Insurgent instruction is an educational approach comprised of parts. Similarly, the whole is greater than the sum of its parts. The primary reason for this is due to the unknown and unexpected facets, the students and the teachers. This portion of education is what makes it so much fun as well as so much challenging. However, the focus of this particular investigation is front loading the standards.
This classroom action is actually something which is a current trend. However, too many times, the standards are simply just applied. Ever since the creation and application of state and federal content-based educational standards, they have been a point of contention amongst educators. In most cases, standards are misunderstood and haphazardly applied in the classroom setting. Simply put, they are merely another box to be checked off to please the administrator, keeping them out of the teacher’s classroom.
Perhaps approaching standards from a different perspective will help in guiding to a new appreciation for standards, especially in front loading them in the classroom. Taking a cue from insurgents and rebel fighters in history, one of the more important lessons to learn is using the tools given in a different manner. This is the strategy and tactics of an insurgent.
In most cases where insurgents utilize the local terrain and the instruments brought by the colonizers. In this case it would be the standards enforced by administrators and educational policy makers. These seemingly daunting and dead end instruments of the educational world are actually very effective means of subverting the dominant perspective and empowering students. More importantly, inverting their intended use not only displays critical and creative thinking, but follows the insurgent path.
The standards are tools, guides for exploring and examining the subject. A certain level of working mastery of the subject is the goal of any and every class regardless of the content are and grade level. Even without the threat of standards-based testing, each and every teacher desires to see their students succeed. This success is measured by mastery of the skills and knowledge of the content.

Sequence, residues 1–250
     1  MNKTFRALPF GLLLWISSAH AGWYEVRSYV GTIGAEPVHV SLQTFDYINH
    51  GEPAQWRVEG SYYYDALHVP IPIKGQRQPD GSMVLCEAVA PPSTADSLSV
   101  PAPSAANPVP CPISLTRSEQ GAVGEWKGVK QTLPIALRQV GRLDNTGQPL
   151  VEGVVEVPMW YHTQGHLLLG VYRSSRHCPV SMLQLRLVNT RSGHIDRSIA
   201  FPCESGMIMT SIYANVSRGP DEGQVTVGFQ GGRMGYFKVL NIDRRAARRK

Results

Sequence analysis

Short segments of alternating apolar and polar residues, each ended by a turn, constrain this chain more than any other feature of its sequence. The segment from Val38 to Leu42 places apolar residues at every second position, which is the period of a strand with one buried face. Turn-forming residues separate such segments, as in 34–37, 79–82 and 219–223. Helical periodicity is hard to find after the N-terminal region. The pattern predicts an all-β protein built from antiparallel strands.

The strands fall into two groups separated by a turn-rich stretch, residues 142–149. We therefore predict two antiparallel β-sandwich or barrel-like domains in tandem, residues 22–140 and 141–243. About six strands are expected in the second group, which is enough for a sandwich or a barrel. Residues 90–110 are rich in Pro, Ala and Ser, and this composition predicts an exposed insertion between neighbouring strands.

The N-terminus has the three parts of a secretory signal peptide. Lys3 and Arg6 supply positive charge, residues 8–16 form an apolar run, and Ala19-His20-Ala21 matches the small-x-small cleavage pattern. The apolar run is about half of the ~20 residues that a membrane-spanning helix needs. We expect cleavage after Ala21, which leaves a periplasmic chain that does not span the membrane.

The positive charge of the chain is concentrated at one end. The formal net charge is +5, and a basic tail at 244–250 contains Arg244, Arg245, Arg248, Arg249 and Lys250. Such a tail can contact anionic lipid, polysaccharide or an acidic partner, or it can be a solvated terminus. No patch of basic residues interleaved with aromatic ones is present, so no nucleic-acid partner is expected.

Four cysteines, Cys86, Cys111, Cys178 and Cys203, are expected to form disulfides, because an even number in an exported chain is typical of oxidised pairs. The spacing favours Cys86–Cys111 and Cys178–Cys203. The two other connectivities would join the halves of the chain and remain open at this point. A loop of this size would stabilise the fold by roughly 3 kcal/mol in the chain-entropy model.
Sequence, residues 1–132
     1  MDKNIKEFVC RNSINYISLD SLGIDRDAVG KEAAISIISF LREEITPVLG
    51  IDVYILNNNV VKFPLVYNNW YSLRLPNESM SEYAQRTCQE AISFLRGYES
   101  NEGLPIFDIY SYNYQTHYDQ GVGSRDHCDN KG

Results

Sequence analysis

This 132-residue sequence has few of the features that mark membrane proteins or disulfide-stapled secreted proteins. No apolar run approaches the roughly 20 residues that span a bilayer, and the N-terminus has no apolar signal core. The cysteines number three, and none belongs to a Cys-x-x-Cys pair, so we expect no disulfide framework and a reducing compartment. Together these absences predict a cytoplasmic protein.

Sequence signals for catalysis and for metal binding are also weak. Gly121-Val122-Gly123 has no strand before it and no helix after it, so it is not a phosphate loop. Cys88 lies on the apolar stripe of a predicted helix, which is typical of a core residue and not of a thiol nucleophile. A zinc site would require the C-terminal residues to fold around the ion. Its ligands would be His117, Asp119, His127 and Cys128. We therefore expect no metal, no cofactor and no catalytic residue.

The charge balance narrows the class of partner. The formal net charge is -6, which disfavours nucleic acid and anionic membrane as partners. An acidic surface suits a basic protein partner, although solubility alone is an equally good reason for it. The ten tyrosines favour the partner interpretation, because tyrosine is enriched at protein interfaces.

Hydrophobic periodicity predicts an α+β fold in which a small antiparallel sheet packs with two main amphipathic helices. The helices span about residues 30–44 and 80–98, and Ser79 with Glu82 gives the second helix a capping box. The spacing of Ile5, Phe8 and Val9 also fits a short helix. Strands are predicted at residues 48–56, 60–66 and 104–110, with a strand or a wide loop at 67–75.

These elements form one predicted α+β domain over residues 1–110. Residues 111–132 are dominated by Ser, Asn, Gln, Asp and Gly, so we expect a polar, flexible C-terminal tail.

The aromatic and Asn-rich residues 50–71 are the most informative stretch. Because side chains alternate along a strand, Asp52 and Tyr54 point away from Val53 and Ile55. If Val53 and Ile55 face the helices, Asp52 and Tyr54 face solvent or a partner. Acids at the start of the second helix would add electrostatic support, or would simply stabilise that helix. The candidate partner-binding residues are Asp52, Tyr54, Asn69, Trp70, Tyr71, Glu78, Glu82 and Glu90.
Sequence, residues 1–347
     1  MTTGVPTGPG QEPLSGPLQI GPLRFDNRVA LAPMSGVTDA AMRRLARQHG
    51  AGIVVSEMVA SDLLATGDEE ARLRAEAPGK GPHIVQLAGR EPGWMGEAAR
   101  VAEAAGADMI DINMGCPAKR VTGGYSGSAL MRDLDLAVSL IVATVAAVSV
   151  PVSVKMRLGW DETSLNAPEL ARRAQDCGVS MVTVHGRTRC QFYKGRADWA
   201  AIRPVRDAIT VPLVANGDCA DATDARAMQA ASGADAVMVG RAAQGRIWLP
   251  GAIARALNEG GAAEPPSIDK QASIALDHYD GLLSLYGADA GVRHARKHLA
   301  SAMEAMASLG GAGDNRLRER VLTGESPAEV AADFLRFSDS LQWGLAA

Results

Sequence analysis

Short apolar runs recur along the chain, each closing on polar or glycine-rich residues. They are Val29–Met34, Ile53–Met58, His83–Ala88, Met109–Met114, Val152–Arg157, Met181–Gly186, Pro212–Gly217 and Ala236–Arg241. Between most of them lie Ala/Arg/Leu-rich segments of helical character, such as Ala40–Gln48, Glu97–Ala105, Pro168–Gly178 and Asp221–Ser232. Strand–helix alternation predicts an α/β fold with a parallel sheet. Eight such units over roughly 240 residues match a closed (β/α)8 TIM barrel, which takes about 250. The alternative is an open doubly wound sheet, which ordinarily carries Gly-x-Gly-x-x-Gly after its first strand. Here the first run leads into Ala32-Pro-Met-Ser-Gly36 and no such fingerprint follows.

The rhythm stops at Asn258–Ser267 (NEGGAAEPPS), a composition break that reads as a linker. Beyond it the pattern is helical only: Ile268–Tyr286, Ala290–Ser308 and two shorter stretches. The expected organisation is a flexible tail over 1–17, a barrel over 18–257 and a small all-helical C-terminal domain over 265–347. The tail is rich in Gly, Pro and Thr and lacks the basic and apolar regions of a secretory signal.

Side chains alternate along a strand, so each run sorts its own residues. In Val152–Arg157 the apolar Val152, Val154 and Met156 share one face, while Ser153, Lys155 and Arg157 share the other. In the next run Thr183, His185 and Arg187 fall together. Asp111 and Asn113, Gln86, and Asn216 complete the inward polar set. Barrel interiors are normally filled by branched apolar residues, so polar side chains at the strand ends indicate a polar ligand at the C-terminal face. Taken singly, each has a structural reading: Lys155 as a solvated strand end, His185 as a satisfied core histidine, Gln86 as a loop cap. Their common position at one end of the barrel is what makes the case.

Yet, when students are presented with a seemingly simple question such as, “What is Social Studies?” They are hard-pressed to give a succinct and passable answer. Of course, this is true regardless of which content area is asked about, whether it is a core or elective subject. Standards, rather restricting the exploration of the subject matter, actually provide a framework for the examination.
Whereas many educators labor under the misconception that standards construct a rigid framework which is not to be deviated from, they in fact create a construct completely unlike this. This misconception usually arises from a misunderstanding of the standards that is commonly reinforced from poor professional development. The standards are a framework, a skeleton.
From this skeletal construct, the students and teacher create a new and unique building which has never existed before. They will sheathe the framework in a new skin, and fill it with muscles and organs of their own design. This new creation will differ from year to year.
This is due to two primary aspects. One is that each year brings a new and different cadre of students into the teacher’s classroom. These students bring with them their own set of experiences and perspectives which to scaffold their construct with. Even if the teacher remains in the same district, at the same campus, teacher the same subject at the same grade level, things will change from year to year. Second, is that the teacher will change from year to year both professionally and personally. Adaptation and evolution will occur. This is only natural. If we are teaching our subjects the same way each year to a different group of students, then we are failing them miserably. Re-invention is the key to not survival, but success.
When we front load the standards with our students, we are presenting them with a brand new set of tools. The subject matter is their canvas, their clay, their blank page, their stone. Our duty and service is to show them one way to use the standards. These are discussion starters. We begin a lifelong conversation between the student and the subject matter. In doing this, at this point and time, presents a powerful formative assessment for the classroom teacher without throwing up barriers between them and the student earlier on.
Talking through the standards early in the academic year, before undertaking any concentrated study, removes complacency in all parties and ignites imagination as well as excitement better than any other type of “hook.” It also forges a common bond between students and teachers as they develop shared definitions and goals through these standards. Standards become talking points, for lack of a better term. In this sense, the classroom evolves into a place where safe intellectual exploration can take place once again, rather than a room for test preparation.